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Indonesia

Indonesia steamrolls over bootleg alcohol as death toll from illegal spirits nears 100

The world’s most populous Muslim majority country banned the sale of alcohol in most convenience stores and small shops outside holiday hotspot Bali in 2015

PUBLISHED : Friday, 13 April, 2018, 5:18pm
UPDATED : Friday, 13 April, 2018, 10:09pm

Thousands of bottles of booze were destroyed by Indonesian police on Friday in a dramatic show of force against bootleg alcohol that is blamed for killing close to 100 people in recent weeks.

Authorities in Tangerang, on the outskirts of the capital Jakarta, drove a yellow steamroller over a carpet of some 6,000 bottles, while others raided vendors in a bid to stop the worst string of home-brew deaths in years.

The world’s most populous Muslim majority country banned the sale of alcohol in most convenience stores and small shops outside holiday hotspot Bali in 2015, although it is still widely available in supermarkets, bars and hotels.

80 people dead after drinking toxic bootleg booze in Indonesia

High taxes make alcohol expensive, however, so low-paid workers often turn to cheap and sometimes deadly home-made booze instead.

As of Friday, authorities said at least 97 people have died nationwide since late March from drinking illegal spirits.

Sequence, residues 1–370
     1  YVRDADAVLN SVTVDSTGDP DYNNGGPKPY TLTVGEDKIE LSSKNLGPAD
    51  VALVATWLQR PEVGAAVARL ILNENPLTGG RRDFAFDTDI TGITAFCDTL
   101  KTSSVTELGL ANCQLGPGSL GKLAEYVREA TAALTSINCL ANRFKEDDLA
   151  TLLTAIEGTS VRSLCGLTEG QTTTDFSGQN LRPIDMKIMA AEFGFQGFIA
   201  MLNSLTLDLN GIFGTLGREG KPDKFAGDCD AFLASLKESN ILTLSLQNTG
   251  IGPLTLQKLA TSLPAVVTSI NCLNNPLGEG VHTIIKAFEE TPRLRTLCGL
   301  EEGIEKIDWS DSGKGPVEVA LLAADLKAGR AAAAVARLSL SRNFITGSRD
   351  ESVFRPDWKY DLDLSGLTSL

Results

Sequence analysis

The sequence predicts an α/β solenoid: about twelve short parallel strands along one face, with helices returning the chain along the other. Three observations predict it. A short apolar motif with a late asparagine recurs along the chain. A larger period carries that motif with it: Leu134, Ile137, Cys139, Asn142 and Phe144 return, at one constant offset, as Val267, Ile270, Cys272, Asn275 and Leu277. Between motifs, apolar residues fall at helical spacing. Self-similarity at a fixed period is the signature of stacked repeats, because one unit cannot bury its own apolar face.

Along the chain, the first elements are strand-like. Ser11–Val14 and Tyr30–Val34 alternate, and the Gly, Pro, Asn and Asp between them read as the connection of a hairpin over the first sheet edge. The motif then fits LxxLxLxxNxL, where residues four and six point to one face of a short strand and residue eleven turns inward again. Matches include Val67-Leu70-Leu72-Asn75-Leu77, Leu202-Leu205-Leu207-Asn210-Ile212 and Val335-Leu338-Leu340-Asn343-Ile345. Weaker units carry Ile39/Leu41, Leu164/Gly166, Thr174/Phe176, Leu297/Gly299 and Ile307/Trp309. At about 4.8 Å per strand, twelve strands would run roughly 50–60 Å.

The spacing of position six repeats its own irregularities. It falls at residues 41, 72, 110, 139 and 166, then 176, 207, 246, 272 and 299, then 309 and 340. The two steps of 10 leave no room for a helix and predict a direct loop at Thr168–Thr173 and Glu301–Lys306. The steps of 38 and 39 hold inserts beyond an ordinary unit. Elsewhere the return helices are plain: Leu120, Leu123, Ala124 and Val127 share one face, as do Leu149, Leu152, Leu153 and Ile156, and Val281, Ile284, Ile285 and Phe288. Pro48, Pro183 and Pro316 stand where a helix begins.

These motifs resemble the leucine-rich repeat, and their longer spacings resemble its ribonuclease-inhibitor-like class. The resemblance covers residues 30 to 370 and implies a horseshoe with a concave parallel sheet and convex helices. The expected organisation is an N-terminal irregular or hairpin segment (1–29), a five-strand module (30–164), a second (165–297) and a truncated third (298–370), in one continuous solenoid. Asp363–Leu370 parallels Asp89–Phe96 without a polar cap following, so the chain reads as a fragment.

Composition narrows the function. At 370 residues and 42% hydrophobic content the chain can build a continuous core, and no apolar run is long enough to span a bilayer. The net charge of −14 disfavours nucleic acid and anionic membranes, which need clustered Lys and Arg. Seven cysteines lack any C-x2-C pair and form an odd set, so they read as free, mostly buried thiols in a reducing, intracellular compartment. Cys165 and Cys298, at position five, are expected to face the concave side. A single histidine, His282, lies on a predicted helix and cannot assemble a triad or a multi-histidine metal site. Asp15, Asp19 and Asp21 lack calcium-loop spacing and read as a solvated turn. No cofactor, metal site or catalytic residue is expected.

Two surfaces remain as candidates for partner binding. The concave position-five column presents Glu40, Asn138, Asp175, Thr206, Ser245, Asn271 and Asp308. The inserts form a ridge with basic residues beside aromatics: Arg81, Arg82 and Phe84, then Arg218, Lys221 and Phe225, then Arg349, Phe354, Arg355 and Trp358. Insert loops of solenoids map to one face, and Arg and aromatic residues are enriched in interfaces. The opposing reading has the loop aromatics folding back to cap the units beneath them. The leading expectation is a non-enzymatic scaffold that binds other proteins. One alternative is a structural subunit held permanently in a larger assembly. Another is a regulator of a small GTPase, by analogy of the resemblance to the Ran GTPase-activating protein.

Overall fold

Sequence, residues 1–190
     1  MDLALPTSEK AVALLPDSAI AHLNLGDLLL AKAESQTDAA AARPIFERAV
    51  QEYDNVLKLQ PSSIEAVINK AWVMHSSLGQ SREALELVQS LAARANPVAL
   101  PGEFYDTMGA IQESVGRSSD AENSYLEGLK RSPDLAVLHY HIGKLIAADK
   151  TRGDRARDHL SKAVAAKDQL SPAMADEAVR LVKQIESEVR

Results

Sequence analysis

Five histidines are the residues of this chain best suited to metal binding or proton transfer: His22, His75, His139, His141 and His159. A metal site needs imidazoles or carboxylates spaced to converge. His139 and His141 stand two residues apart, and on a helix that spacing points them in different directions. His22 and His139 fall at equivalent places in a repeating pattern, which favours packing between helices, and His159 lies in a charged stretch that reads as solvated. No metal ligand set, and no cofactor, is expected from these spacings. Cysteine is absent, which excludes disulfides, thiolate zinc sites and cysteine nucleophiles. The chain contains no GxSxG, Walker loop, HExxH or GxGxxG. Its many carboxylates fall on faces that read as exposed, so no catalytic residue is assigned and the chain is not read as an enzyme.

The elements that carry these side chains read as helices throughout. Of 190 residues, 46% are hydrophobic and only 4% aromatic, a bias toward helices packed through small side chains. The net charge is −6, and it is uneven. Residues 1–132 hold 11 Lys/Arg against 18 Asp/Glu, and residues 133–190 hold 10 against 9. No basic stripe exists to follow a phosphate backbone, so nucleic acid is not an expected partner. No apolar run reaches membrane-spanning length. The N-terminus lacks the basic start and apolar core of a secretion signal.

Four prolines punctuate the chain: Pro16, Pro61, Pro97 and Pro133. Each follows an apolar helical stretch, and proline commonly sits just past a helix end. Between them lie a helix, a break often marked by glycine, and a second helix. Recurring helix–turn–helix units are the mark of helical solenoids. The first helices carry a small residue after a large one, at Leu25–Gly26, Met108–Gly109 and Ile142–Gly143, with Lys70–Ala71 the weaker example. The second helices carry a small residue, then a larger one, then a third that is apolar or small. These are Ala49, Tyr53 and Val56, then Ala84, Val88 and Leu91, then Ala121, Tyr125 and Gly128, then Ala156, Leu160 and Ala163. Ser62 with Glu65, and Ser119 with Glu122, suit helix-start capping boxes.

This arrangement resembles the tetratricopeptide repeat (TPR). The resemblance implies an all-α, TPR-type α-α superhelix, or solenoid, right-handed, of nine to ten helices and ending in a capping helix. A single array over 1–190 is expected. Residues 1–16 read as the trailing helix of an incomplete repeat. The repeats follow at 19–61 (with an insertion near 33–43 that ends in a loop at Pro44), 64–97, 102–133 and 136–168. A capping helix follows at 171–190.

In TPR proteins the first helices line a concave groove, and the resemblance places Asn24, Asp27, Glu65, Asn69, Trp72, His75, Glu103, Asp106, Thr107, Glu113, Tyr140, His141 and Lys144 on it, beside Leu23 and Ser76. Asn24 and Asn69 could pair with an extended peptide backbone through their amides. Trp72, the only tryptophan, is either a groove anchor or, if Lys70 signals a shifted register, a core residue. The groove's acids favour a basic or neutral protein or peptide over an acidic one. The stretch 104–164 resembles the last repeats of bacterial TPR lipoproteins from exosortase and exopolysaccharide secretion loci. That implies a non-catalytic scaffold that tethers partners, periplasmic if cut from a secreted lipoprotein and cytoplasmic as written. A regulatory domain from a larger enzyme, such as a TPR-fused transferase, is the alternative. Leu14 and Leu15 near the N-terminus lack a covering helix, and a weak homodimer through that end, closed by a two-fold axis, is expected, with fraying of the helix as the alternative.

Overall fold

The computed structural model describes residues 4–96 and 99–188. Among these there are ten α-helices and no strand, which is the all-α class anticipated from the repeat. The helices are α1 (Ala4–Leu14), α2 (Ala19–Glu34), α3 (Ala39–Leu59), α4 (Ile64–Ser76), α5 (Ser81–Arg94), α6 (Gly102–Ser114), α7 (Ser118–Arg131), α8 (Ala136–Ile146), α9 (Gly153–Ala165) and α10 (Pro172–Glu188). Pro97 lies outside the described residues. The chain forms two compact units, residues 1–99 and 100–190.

Some 160 others are in hospital with many still in critical condition.

At least 17 people have been arrested or named as suspects for selling and distributing bootleg alcohol, police said.

“One of the suspects himself died in hospital because he also consumed bootleg alcohol,” local police spokesman Trunoyudo Wisnu Andiko told AFP.

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Lab tests have turned up toxic levels of methanol – a form of alcohol used in antifreeze and solvents – in victims’ systems.

Some of the suspects confessed to mixing pure alcohol with Coca-Cola, energy drinks, cough syrup and even mosquito repellent.

The string of deaths prompted Bandung, a major city east of Jakarta, and its surrounding area to declare a state of emergency Tuesday.

Bootleg booze is usually sold under the table by street vendors, who sometimes make the toxic concoction themselves.

But police said they believe there are big distributors behind the sale of toxic alcohol implicated in the recent deaths.

Those found guilty of supplying beverages they knew to be dangerous could face a maximum life sentence, national police spokesman Setyo Wasisto said.

In 2016, 36 people died in Central Java after drinking locally bought home-brew.